In both kinds of inflammation the HIF-1 transcription complex directly controls expression of VEGF, thus regulating angiogenic processes [3, 18, 25]. Adhesion of immune cells and neovasculature also depends on HIF-1, which regulates the expression of CD18β2 adhesion integrins. Adhesion of immune cells is vital for the proper innate immune response and its correct linking to adaptive immune reactions. It is also crucial for the development of allergic reactions . The functional role of the HIF-1 transcription complex in the allergic inflammatory responses is outlined in Figure 1.
Recent clinical studies have demonstrated that the HIF-1 transcription complex and VEGF play an important role in inflammation and hypervascularization observed in cases of bronchial asthma [45, 46]. This suggests that further in vivo studies are required to investigate the concept described in this paper.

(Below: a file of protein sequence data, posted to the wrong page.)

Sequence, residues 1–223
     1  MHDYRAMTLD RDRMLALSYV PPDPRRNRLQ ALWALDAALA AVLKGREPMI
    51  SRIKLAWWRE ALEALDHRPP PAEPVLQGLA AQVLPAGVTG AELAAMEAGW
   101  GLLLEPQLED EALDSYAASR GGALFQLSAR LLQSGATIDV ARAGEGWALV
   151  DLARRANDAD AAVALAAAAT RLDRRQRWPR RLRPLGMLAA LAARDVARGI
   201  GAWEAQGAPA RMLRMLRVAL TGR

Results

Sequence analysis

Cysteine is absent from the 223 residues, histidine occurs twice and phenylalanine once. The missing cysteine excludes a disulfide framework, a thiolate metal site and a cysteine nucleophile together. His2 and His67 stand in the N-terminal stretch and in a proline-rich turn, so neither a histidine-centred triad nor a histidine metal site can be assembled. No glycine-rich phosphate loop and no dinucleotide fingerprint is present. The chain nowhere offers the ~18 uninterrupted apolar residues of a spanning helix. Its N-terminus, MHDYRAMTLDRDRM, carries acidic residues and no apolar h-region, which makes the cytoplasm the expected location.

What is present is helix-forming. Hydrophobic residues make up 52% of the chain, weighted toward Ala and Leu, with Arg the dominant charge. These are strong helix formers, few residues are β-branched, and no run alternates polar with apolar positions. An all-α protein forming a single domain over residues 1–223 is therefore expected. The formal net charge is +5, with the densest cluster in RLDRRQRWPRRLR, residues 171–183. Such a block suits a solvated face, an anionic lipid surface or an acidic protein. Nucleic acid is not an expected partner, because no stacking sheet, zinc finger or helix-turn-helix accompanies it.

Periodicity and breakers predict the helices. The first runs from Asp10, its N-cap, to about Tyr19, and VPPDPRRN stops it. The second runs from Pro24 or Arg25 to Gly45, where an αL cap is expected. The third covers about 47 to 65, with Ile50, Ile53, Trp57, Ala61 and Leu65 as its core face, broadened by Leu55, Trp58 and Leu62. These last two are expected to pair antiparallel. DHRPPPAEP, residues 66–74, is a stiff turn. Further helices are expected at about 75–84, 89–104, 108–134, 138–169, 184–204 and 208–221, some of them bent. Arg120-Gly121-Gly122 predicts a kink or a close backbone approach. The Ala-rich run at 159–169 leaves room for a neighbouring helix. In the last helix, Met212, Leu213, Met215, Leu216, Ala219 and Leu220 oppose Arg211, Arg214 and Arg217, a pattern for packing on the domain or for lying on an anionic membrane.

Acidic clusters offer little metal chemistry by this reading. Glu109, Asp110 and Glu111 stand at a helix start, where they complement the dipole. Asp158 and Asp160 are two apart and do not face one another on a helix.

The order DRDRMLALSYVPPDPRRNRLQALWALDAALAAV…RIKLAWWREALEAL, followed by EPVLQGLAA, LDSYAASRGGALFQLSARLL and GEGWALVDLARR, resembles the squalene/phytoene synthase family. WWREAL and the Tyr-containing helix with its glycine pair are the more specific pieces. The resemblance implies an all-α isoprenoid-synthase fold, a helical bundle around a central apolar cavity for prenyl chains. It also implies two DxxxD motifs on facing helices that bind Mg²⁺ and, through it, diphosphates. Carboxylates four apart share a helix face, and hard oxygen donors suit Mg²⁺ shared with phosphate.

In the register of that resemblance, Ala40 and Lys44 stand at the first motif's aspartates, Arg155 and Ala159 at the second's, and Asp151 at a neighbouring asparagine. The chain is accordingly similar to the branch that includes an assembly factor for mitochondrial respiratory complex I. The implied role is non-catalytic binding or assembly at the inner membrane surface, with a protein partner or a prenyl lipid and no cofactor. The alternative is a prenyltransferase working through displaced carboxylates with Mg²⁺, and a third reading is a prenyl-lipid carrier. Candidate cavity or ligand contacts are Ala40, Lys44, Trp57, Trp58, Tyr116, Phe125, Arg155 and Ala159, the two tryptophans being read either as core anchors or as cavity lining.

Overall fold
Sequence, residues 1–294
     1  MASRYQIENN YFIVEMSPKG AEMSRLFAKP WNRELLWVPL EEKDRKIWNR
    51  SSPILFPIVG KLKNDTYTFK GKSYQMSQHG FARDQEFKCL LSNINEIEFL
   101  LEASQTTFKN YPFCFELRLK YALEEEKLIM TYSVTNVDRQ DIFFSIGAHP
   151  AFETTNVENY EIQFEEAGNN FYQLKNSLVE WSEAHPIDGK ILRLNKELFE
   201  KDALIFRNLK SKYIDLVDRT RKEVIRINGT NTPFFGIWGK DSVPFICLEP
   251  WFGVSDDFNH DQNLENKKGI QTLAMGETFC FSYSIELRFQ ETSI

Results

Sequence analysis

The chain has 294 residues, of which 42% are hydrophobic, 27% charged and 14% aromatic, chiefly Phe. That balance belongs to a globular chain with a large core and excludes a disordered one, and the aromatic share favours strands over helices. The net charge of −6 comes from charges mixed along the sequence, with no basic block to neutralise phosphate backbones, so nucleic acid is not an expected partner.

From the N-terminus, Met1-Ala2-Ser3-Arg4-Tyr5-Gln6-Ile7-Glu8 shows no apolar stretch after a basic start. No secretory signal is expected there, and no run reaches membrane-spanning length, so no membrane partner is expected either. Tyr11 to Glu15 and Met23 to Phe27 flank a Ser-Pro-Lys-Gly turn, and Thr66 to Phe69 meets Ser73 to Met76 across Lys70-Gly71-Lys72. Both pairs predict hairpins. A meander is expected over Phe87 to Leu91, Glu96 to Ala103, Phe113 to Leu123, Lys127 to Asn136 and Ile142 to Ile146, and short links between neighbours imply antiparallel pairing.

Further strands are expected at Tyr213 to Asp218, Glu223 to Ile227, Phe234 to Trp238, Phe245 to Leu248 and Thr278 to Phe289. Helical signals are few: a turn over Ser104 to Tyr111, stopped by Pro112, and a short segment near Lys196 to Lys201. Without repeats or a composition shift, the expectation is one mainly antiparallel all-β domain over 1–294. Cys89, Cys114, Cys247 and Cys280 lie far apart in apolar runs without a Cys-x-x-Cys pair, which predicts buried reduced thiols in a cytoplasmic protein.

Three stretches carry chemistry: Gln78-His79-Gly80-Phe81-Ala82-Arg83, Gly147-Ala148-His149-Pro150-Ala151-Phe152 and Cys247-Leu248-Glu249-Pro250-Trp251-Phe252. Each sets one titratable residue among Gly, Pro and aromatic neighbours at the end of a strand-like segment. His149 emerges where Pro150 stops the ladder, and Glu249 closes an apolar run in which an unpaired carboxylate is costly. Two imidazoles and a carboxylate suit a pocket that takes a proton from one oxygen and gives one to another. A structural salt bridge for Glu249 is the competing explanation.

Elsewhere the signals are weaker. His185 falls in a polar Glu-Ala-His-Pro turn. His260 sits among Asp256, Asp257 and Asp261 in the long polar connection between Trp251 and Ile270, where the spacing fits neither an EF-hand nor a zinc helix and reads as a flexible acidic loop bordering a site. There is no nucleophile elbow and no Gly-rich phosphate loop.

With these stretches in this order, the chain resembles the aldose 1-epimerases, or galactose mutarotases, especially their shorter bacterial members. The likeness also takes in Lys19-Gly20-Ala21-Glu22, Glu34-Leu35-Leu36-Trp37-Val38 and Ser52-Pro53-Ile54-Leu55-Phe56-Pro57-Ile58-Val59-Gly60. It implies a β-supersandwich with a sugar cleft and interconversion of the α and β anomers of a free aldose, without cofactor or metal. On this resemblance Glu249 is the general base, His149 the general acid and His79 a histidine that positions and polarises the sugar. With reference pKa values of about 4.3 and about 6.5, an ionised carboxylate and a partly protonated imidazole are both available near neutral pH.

All these important functions are not yet a definitive list in terms of fully describing the contribution of the HIF-1 transcription complex in inflammatory processes and several aspects of HIF-1 activation during infections remain unclear. In the case of allergic inflammation, further complex studies have to be performed to clarify HIF-1 activation mechanisms in human basophils and mast cells and its functional role in pathologic cell reactions associated with allergic responses and disorders.
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We apologize to those scientists whose primary contributions that form the basis of our current knowledge in the field could not be cited because of space limitations, or were indirectly mentioned by quoting current reviews. This work was supported by the Royal Society (Grant number RG080474 to Dr. V. Sumbayev) and by the start-up grants provided to Dr. Sumbayev and Dr. Gibbs by the Medway School of Pharmacy, University of Kent.